Friday, 2 September 2016

Review - Cthulhu: Deep Down Under ed. by Steve Proposch, Christopher Sequeira, and Bryce Stevens.


The lucky country.

Land of the Southern Cross. 

The nation where everything is venomous, poisonous, or just plain freaky looking. An ancient land filled with fictional possibility and hidden terrors that lurk just beneath its dusty plains.

So what do you get when you combine all of this with the mythos of H. P. Lovecraft? A brilliant and thrilling tome, that's what. 

I've been on a bit of a Lovecraftian and Cosmic Horror adventure this year. I've snapped up every story that I could find, consuming them with glee and gusto into the early hours of every morning. So when I first stumbled across Cthulhu: Deep Down Under I was beside myself. A Lovecraftian anthology focused entirely on Australia and its neighbours... holy shit... take all of my money!

I obtained a copy, jumped right in, and lost myself in a haze of eldritch violence, thrilling plots, and other worldly weirdness. And did I mention the amazing artworks that accompany every single story in the anthology? Pure... fucking... awesome. 

Cthulhu: Deep Down Under literally has everything. Scintillating action, mysterious locations and events that defy explanation, and a raft of protagonists and antagonists that will suck you down into the deep dark holes of the Australian landscape. Every single story (there are 24.. I won't mention them all in this review) stands out, and every single one of them enhances the anthology in unique and wonderful ways. Aaron Sterns opens the book with 'Vanguard', a tale that wouldn't look out of place on the big screen. Imagine SOG (Australian version of SWAT) operatives going toe to toe with cultists, troubled detectives trying to protect their only witness, and a ball clenching cultist assault on a safe house and you've only just scratched the surface. Sterns sets the bar high, and every story that follows reaches it. I adored Jason Fischer's 'The Dog Pit', with its nods to Australian history and its great protagonist (The Dutchman), and I was enthralled by Kaaron Warren's 'In the Drawback', a mysterious and creepy tale exploring what happens when the tide recedes and never comes back in. Jason Nahrung's 'An Incident at Portsea, 1967' also impressed me, creepily reimagining what happened to Harold Holt when he went for that fateful swim and I also loved G. N. Braun's dark and terrifying tale 'Depth Lurker', where after a mining accident a rescue party uncovers a monster of cosmic proportions. 

Some of the other notable stories in this anthology include 'Where the Madmen Meet' by T. S. P. Sweeny, a dark and terrifying story of soldiers returning from war changed and under the influence of something sinister, and 'Darkness Beyond' by Jason Franks, a fantastically moody and creepy piece about a Port Arthur prisoner and his encounter with a strange beast. I also loved the short piece 'Dreamgirl' by Stephen Dedman, where an indigenous woman gets her revenge on the son of a mining magnate by stranding him in another dimension, and it was also wonderful to see David Conyers at his best with 'Impossible Object'. Robert Hood once again proved how talented he is with 'The Black Lake's Fatal Flood', a tale that delighted and freaked me out at the same time. In fact I can't think of any stories in this anthology that disappointed me. The editors have done an outstanding job in assembling a cast of writers and artists who not only fulfil the brief, but smash it out of the park. Every single contributor not only brings a distinctly Lovecraftian feel to their work, but also a wonderful touch of Australia. The inclusion of Australian history, locations, and vernacular into the Lovecraftian mythos added an incredibly fascinating layer to what is already a detailed and vivid universe, and I was enthralled by the nods that were made towards issues such as land rights and the impact of mining on the environment.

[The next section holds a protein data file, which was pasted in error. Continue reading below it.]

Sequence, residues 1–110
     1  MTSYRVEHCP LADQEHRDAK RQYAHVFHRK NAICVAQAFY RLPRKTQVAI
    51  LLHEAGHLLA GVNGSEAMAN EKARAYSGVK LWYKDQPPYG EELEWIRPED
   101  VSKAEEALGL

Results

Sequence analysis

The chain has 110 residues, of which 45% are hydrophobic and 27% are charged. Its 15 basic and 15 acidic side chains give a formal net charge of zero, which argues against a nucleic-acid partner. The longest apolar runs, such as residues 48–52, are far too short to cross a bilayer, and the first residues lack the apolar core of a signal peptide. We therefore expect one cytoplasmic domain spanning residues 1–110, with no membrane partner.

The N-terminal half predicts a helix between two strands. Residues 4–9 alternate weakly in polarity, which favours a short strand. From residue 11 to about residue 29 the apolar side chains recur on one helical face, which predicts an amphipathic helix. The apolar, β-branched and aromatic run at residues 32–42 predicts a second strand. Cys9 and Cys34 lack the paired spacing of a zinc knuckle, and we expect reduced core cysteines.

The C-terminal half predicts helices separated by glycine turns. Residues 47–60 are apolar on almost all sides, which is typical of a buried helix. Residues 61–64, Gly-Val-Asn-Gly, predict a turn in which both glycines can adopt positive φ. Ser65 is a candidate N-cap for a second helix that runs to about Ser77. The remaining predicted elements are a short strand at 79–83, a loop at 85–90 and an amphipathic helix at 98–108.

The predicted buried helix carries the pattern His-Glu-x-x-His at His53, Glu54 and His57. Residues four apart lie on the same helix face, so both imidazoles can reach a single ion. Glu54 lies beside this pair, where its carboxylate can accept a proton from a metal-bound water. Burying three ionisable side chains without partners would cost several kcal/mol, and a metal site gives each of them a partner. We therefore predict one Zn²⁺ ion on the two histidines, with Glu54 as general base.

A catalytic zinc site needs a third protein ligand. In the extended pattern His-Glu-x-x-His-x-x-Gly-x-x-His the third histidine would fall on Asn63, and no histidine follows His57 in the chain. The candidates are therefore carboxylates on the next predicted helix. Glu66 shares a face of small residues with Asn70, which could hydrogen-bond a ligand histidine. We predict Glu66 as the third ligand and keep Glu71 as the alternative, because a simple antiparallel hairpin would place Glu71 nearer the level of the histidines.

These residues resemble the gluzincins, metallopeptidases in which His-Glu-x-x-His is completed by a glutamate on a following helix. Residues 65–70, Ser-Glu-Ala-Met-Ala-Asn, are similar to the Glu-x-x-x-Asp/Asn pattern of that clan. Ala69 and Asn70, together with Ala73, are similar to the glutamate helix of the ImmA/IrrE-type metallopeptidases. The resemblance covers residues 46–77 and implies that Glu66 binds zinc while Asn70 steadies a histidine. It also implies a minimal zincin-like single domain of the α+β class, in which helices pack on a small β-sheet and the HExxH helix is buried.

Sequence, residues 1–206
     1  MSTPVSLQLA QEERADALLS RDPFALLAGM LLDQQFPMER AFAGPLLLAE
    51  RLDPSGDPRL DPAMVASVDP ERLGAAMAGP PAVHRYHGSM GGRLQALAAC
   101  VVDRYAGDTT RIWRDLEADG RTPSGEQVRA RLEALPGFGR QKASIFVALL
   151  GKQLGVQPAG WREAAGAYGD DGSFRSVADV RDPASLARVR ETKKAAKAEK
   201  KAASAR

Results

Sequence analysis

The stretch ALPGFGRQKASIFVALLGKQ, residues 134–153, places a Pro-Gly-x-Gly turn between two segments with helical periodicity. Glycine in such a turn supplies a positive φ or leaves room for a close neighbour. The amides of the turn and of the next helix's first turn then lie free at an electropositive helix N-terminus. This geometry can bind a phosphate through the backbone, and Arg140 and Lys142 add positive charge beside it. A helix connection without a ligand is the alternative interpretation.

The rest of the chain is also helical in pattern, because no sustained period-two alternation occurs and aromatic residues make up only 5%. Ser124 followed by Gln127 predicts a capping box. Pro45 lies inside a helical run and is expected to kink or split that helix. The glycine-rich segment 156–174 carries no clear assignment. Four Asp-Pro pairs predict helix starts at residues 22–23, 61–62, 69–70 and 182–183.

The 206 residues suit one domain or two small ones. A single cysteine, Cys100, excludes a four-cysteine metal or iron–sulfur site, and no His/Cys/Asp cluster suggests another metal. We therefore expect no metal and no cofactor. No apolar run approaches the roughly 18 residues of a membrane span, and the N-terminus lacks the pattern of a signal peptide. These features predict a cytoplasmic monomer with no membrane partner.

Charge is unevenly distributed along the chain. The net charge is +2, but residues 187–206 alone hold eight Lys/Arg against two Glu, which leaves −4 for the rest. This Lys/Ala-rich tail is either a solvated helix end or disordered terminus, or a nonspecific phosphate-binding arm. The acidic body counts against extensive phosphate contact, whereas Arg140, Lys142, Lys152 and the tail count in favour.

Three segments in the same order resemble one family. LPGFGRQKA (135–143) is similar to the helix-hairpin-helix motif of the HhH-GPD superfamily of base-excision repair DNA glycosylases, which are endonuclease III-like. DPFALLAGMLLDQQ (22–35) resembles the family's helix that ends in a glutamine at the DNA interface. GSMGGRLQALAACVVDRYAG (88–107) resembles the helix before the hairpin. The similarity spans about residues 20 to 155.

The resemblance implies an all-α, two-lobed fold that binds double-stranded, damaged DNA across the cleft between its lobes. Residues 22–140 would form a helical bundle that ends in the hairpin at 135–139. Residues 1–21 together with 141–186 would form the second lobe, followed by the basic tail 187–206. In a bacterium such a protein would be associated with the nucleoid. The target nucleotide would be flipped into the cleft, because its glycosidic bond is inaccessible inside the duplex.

I mentioned the artwork earlier, but I have to mention it again. It is, to put it simply, jaw dropping. Talented artists such as Greg Chapman, Andrew J. McKiernan, Lindsay C. Walker, and Macelo Baez all delight and terrify with their pieces, and each sets the tone for the story to come. I was over the moon to see every story has a piece of art to accompany it, and it made my reading experience so much more special seeing the stories come to life in wonderful pieces of art. 

If I had one small criticism it would be that there are a number of editing and spelling oversights throughout the anthology. I can, however, overlook this issue as it's only a small amount. 

Cthulhu: Deep Down Under is a special anthology. It is special because it not only entertains you, but also takes you on a terrifying and thrilling journey into the darkness. All of the stories are riveting, and all of the artwork is outstanding. Mixing the ancient and burnt landscape of Australia into a melting pot filled to the brim with Old Ones, cultists, dark tomes and strange creatures not only works well, it works brilliantly. There are some amazing Lovecraftian anthologies out there, and Cthulhu: Deep Down Under ranks up there with the best of them.

A truly superb anthology, and one that I am stoked to have sitting on my shelves.  

5 out of 5 stars. 

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